Strange and interesting doings in the world of humpback whales. Over the past few years, scientists have observed large numbers of humpback whales feeding together off the southwestern tip of South Africa between St. Helena Bay and Cape Point. While dolphins and orcas are known to form, from time to time, what are called “super-pods,” large groups of different extended families, humpback whales have been considered to be far more solitary creatures, usually swimming alone or in in pods of two or three. Now, however, groups of between 20 and 200 humpbacks have been observed feeding together. Scientists have observed 22 instances where these groups have formed over the last several years. They are not sure what to make of what appears to be a significant change in humpback whale behavior.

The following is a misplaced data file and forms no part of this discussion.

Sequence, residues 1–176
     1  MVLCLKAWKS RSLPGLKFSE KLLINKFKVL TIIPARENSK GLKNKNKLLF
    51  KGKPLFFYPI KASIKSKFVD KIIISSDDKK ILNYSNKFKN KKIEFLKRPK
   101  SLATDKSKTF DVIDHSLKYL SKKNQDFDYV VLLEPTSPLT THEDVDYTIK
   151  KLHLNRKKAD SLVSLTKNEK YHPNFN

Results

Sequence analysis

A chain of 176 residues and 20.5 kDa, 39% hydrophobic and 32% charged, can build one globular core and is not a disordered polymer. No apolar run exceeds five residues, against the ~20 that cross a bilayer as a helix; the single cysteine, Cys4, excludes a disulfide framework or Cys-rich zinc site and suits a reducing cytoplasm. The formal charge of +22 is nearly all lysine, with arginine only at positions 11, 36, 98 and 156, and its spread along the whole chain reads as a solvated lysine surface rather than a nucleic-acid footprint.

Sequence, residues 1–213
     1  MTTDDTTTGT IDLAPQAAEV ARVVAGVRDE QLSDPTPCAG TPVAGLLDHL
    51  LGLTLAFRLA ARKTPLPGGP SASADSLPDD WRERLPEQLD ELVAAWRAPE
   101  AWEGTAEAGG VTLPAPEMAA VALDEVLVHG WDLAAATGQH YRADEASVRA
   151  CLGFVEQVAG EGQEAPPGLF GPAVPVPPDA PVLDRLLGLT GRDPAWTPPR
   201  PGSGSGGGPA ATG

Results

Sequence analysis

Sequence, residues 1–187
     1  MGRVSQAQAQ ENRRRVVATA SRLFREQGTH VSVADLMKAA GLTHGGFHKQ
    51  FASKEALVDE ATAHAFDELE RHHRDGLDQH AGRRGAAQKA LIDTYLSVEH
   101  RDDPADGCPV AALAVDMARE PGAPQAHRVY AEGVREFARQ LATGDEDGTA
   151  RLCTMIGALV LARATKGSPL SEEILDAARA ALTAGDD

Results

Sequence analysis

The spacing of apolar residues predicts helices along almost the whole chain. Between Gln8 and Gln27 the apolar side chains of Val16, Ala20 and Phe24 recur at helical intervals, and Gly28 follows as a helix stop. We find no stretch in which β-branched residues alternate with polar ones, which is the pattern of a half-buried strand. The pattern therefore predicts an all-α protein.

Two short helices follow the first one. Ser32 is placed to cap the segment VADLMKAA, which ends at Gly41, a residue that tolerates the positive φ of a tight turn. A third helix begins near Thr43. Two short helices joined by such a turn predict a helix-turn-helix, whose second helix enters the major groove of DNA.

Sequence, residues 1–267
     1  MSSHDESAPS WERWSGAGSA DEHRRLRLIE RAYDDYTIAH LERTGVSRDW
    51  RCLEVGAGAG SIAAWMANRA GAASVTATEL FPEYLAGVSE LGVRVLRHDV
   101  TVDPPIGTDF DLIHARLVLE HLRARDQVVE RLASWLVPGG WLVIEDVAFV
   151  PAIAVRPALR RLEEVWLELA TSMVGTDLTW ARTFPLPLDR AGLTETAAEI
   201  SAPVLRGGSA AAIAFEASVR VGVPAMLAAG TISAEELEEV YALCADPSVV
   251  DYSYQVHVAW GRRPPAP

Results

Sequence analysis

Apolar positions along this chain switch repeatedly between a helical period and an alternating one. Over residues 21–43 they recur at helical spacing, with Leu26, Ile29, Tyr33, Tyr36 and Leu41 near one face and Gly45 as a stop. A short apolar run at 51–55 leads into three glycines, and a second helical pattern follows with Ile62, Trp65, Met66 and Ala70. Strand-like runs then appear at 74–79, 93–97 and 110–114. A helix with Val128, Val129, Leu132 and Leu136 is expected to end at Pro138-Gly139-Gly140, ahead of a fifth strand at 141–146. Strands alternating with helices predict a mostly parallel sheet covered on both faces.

Not only is the number of whales unusual, but so is their location. Typically, humpback whales in the Southern hemisphere migrate farther south to the waters off Antarctica to feed during October and November. The humpback super-pods have tended to be farther north. Many have been seen in the Benguela Upwelling System, ocean currents off the southwestern tip of South Africa. Scientists speculate that this may be due to the increased number of humpbacks in the area. Humpback whale populations have rebounded in recent years after being hunted to near extinction. It may also reflect an increase in krill related to climate change.
The media has taken a slightly more fanciful view of what the humpback whales may be up to. Gizmodo has suggested that the humpback whales are plotting to take over the worlds where as the IFLScience blog thinks the gatherings look “more like a rave. The only question now is whether they were listening to dubstep or some heavy drum and bass.”